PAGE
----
Murfreesboro City Schools is joining schools, preschools, colleges and individuals across Tennessee in celebrating National Farm to School Month by crunching into a locally grown apple at NOON on Friday, October 21. Tennessee along with the states of North Carolina, South Carolina, Georgia, Kentucky, and Florida will celebrate National Farm to School Month by crunching on fresh fruits and vegetables.
Each state in the Southeast region will be crunching a fruit or veggie that is available from local farms in October. This event is about celebrating the region’s diversity and wide variety of products grown by local farmers!
North Carolina – Apples
South Carolina – Cucumbers
Georgia – Spinach
Florida – Cucumbers
Tennessee – Apples
Kentucky – Apples
The Southeast Crunch encourages healthy eating and supports farm to school and other local food purchasing initiatives throughout the region. It’s also a fun way to connect food and agriculture to all kinds of classroom curricula – from science to art! For additional information on the Southeast Crunch, visit www.growing-minds.org.
The Department of Coordinated School Health is beginning the second session of the MCS Chef Academy.
Overall Creek, Scales and Erma Siegel Elementary students are invited to complete the Chef Academy application found on Peachjar or electronically here. Printed applications should be returned to your child’s teacher.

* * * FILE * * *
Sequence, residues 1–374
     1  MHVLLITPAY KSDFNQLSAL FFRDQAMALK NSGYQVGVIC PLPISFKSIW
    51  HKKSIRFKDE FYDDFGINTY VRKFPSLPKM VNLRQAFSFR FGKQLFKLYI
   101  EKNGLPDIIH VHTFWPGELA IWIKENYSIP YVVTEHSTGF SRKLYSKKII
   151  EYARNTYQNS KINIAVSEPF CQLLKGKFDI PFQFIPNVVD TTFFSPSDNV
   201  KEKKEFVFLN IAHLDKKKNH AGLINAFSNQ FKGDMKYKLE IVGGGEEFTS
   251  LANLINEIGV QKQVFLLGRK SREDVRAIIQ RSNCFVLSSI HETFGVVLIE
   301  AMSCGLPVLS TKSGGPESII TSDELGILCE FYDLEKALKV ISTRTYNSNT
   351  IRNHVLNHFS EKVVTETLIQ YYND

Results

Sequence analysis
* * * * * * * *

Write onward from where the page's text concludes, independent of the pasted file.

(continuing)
Each school will accept 12 students into the Chef Academy based on the completed application. Students will be informed of their acceptance by October 19.
MTSU Blue Raider Baseball will host a free beginners baseball clinic for MCS students on Saturday, October 22, 2016. Students must register in advance for the clinic. Registration deadline is October 19. Registration forms are available online or on Peachjar. Printed forms should be returned to the student’s teacher. Equipment will be provided but students are encouraged to bring their own glove and/or bat.
For additional information, please call the MCS Coordinated School Health department at 893-2313.
The 9th Annual Foundation & Fashions will return on Thursday, October 13 to Stones River Country Club. The fashion show, a fundraiser for The City Schools Foundation, will begin with a social hour at 5:30 p.m. Runway action will commence at 6:15 p.m.
The signature fall event will feature upcoming collections from local favorites Bella’s Boutique, e.Allen, Sugaree’s, Trendy Pieces, Penny’s Closet, and The Perfect Piece. Murfreesboro’s newest boutique, Lizard Thicket joins this year’s lineup, which also boasts the return of Dillard’s Department Store.
Foundation & Fashions is sponsored by Children’s Dentistry, e. Allen Boutique, LaRoche Family Foundation, St. Thomas Rutherford, Dr. Edward and Vicki Eastham, Franklin Synergy Bank, Goco Center for Aesthetics, Stones River Dermatology, and U MediSpa.
Tickets are available for $35 in advance and will increase to $40 the day of the show. Tickets can be purchased through the Central Office of Murfreesboro City Schools, Foundation Trustees, and online at http://bit.ly/csffashions16. For more information on ticket purchases or for a list of retailers visit www.cityschoolsfoundation.com or call 615-893-2313.
Money raised by The City Schools Foundation benefits Murfreesboro City Schools’ pre-Kindergarten through 6th grade students. To date, the Foundation has awarded approximately $693,000 in parity funds and grants to teachers to enhance science, math and other programs. The Foundation’s goals are to boost the school system’s financial support and to address financial parity in all schools.